Government: A Minister of God, or of Satan?

Capitol Building

Christians live in the world, but are not of the world (Romans 12:2). We are part of a kingdom that is spiritual and eternal (John 18:36; Daniel 2:44). Yet while here on the earth, we live under the rule of civil authorities. How are we, as Christians, to view these leaders?

Paul told the Christians in Rome that they were to be subject to the civil authorities:

Every person is to be in subjection to the governing authorities. For there is no authority except from God, and those which exist are established by God. Therefore whoever resists authority has opposed the ordinance of God; and they who have opposed will receive condemnation upon themselves” (Romans 13:1-2).

However, Paul did not mean that we are to obey the civil authorities unconditionally. When ordered not to preach about Christ, Peter told the Sanhedrin council, “We must obey God rather than men” (Acts 5:29). Obedience to God is our first priority. We are to be subject to the civil authorities only if our subjection to them does not require the forsaking of our God-given instructions and responsibilities.

A Minister of God

When we study Paul’s teaching about government in Romans 13, we must do so with the above disclaimer clearly in mind. Government is not the ultimate authority – God is. Further, He has given a specific role for the civil authorities.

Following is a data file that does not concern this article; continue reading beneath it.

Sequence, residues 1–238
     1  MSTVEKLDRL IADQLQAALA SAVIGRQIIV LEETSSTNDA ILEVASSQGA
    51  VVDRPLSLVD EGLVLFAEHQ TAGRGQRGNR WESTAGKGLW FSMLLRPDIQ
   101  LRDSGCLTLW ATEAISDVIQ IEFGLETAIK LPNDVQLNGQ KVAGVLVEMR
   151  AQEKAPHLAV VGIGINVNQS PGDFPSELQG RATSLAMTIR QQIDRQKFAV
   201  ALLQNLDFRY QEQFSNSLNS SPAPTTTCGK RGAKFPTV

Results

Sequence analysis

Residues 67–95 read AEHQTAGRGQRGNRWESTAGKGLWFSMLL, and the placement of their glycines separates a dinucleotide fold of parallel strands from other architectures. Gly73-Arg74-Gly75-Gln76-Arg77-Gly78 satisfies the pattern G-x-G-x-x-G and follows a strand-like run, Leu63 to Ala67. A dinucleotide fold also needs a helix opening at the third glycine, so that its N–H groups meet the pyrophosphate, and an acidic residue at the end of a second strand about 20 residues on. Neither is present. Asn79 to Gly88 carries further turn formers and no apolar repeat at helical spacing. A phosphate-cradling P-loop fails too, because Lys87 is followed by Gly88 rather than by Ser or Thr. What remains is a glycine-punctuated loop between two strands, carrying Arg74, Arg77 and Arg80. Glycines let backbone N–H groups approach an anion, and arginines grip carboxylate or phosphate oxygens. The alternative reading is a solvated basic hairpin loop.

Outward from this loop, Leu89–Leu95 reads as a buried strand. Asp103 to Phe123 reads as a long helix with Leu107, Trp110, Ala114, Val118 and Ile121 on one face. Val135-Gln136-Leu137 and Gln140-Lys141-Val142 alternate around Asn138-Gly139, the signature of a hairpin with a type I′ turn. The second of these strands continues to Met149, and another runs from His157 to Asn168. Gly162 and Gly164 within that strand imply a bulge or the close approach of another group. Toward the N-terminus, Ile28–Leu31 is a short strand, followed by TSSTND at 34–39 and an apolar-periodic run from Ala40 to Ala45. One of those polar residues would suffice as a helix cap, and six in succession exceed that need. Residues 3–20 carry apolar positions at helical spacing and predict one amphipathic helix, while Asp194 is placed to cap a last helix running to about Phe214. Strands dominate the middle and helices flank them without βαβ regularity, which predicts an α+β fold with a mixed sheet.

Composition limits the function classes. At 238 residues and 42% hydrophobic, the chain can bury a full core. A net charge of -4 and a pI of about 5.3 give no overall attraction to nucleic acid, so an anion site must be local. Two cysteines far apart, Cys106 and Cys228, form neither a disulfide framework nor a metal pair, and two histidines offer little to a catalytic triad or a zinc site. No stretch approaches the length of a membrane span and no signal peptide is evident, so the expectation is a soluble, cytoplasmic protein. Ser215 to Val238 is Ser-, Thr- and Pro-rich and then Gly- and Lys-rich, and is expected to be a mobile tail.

For rulers are not a cause of fear for good behavior, but for evil. Do you want to have no fear of authority? Do what is good and you will have praise from the same; for it is a minister of God to you for good. But if you do what is evil, be afraid; for it does not bear the sword for nothing; for it is a minister of God, an avenger who brings wrath on the one who practices evil” (Romans 13:3-4).

Government is called a minister of God. A minister is a servant. What role does government serve in God’s providential care for mankind? Government exists to punish those who do evil, protect those who do good, and to allow its people the freedom to live and worship according to God’s instructions (Romans 13:3-4; 1 Timothy 2:1-4). A government that fulfills this role is God’s minister because it is doing the work He has given it to do.

But what if a government is not doing this? Instead of protecting the innocent, they allow the innocent to be victimized, or they themselves actively persecute Christians. Instead of punishing evildoers, they ignore or even reward their crimes. Instead of allowing us the freedom to serve God according to His will, they attempt to silence gospel preaching or prohibit Christians from assembling. Is this government still “a minister of God to you for good” (Romans 13:4)?

Some will automatically affirm that an oppressive government is still God’s minister. But is that conclusion demanded by the context in Romans 13? And does the rest of the New Testament support this?

A Minister of Satan

In the book of Revelation, the Lord warned the church in Smyrna of the persecution that was coming. He said, “The devil is about to cast some of you into prison, so that you will be tested, and you will have tribulation for ten days” (Revelation 2:10). This persecution was being carried out by the civil authorities (the Roman government). Were these authorities acting as the minister of God here when they persecuted Christians? On the contrary, they were doing the work of the devil. Their service to Satan is so plainly indicated here that their work of throwing Christians into prison is attributed to the devil himself.

When a government rejects its God-given role and begins to do harm to the ones who should be enjoying its protection, that government ceases to be a minister of God and becomes a minister of Satan.